The number of prescribed medications progressively increased from the group of
patients with no metabolic risk factors to the group of patients with one, two, three or more
clustered risk factors (Figure 3; p for trend<0.0001). Single-medication therapy was
prescribed to nearly 1/3 of patients (31% of total studied population) and more often in
hypertensive without MetS (34% versus 24% of those with MetS; p<0.0001).
Page 29 of 76
Figure 3 – Number of antihypertensive according to the number of risk factors
Diuretics, RAS-blockers, calcium-channel blockers and α-blockers were prescribed
more frequently in subjects with MetS than in those without MetS, without significant
differences for β-blockers prescription (Table 3). Statins were also prescribed more often in
participants with MetS than in those without MetS (25% versus 22%, respectively; p=0.02).
Page 30 of 76
Table 3 – Type of antihypertensive medications prescribed at the time of the last available
visit, according to presence or absence of metabolic syndrome
Diuretics (%)
β-blockers (%)
RAS-blockers (%)
Ca++-channel blockers (%)
α-blockers (%)
We analyzed independent correlates of uncontrolled BP at the time of the last available
visit. Table 4 shows odds of uncontrolled BP in relation to classes of medications used at the
time of the last available visit, adjusting for significant confounders. Initial systolic BP,
female gender with older age, heart rate, BMI, plasma creatinine, triglycerides and higher
number of antihypertensive medications at the time of the last visit were all independently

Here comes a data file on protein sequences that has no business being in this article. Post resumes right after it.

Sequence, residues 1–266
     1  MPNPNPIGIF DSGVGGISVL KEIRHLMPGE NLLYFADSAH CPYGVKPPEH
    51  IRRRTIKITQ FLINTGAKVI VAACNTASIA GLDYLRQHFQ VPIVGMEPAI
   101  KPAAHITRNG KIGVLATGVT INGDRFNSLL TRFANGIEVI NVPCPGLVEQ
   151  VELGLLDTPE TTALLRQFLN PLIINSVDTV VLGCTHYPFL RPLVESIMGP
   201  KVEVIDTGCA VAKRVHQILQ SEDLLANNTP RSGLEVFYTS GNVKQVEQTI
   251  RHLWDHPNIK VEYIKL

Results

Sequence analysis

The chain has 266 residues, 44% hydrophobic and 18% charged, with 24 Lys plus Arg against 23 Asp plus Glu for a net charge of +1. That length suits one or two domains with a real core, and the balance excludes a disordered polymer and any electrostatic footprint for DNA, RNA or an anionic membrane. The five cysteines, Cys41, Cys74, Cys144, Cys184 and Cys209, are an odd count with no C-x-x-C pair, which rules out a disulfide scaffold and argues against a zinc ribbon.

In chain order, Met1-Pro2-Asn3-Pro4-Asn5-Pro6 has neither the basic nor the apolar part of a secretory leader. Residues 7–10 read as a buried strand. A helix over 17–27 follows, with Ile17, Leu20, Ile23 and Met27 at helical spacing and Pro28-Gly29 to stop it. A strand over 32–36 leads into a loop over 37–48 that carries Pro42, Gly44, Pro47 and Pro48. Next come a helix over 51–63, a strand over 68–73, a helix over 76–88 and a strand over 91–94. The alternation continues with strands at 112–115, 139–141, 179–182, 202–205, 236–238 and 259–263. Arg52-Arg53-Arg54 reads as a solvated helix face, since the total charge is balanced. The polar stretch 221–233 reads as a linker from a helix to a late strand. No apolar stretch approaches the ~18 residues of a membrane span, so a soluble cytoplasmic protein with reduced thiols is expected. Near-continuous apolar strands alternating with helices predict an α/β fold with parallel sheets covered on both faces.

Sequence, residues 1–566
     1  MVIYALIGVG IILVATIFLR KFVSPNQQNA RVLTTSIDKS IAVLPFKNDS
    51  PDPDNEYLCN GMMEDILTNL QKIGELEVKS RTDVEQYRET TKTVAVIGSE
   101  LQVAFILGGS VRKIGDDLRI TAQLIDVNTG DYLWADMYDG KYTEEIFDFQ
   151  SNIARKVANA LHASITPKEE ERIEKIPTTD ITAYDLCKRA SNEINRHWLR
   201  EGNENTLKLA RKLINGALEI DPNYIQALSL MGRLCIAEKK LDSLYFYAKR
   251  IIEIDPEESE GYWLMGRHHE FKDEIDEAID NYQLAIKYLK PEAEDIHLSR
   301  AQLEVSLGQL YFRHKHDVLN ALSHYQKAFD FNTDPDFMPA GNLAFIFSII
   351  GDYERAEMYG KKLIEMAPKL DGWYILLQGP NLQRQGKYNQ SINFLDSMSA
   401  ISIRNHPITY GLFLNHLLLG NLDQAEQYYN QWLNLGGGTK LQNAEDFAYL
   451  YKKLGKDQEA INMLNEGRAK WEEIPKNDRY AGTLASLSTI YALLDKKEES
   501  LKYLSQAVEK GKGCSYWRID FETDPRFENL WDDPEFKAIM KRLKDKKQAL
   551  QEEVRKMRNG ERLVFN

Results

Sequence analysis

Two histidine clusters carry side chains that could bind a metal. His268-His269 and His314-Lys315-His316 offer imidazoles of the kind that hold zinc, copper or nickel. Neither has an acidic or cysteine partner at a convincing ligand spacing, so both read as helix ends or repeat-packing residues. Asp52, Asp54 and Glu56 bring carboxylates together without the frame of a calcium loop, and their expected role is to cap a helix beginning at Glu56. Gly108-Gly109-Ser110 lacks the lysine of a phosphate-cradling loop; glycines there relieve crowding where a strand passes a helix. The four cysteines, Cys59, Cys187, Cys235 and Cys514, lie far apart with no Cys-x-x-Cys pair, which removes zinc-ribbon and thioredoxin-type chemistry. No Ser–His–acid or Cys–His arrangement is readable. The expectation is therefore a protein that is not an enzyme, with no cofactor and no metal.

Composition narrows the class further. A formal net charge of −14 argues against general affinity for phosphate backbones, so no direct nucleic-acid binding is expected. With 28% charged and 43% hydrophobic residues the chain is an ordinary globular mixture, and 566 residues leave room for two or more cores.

associated with uncontrolled BP (all 0.02<p<0.0001). Among classes of antihypertensive
medications, diuretics and RAS-blockers were less likely to be prescribed when BP remained
uncontrolled (p≤0.002), whereas no significant influence was observed for β-blockers,
calcium-channel blockers or α-blockers. Prescription of statins reduced by 21% the
probability of uncontrolled BP (p=0.003; Table 4). Less prescription of diuretics, RASblockers and Statins were still related to uncontrolled BP (all p≤0.002), also when analysis
was adjusted for the presence of MetS, which confirmed a 35% higher risk of uncontrolled
BP (OR=1.35 [95% C.I.= 1.18-1.54], p<0.0001).
Page 31 of 76
Table 4 – Independent correlates of uncontrolled BP in the whole population sample at the
time of last available visit
Age (year)
Female gender
Initial Systolic BP (x 5 mmHg)
Heart Rate (bpm)
BMI (kg/m2)
Plasma Creatinine (x mg/dL )
Triglycerides (x5 mg/dL )
Number of drugs
Diuretics (%)
RAS-blockers (%)
Statins (%)
95% CI for Exp(B)
Multivariate analysis including data detected at the time of the last available visit (with the exception of
baseline systolic BP)
Diabetes, fasting glucose, HDL cholesterol, smoking status, β-blockers, calcium-channel blockers and αblockers did not enter the model (all p>0.1)
Evaluation of anti-hypertensive therapy in relation to uncontrolled BP was also carried
out in the 1522 hypertensive patients with MetS (Tables 5). In this subgroup, uncontrolled
BP confirmed to be independently associated with higher baseline systolic BP and higher
number of medications at the time of the last visit (p<0.0001). Prescriptions of diuretics and
RAS-blockers were again associated with 28% reduced probability of uncontrolled BP in
hypertensive patients with MetS, independently of other confounders (both p<0.03).
Tables 5 – Independent correlates of Poor BP control at the time of last available visit in
hypertensive patients with metabolic syndrome
Initial Systolic BP (x 5 mmHg)
Heart Rate (bpm)
Number of drugs
Diuretics (%)
95% CI for Exp(B)
Multivariate analysis including data detected at the time of the last available visit (with the exception of
initial systolic BP)
Gender, age, BMI, diabetes, plasma creatinine, fasting glucose, tryglicerides, smoking status, HDL
cholesterol, β-blockers, calcium-channel blockers, α-blockers and statins did not enter into the model (all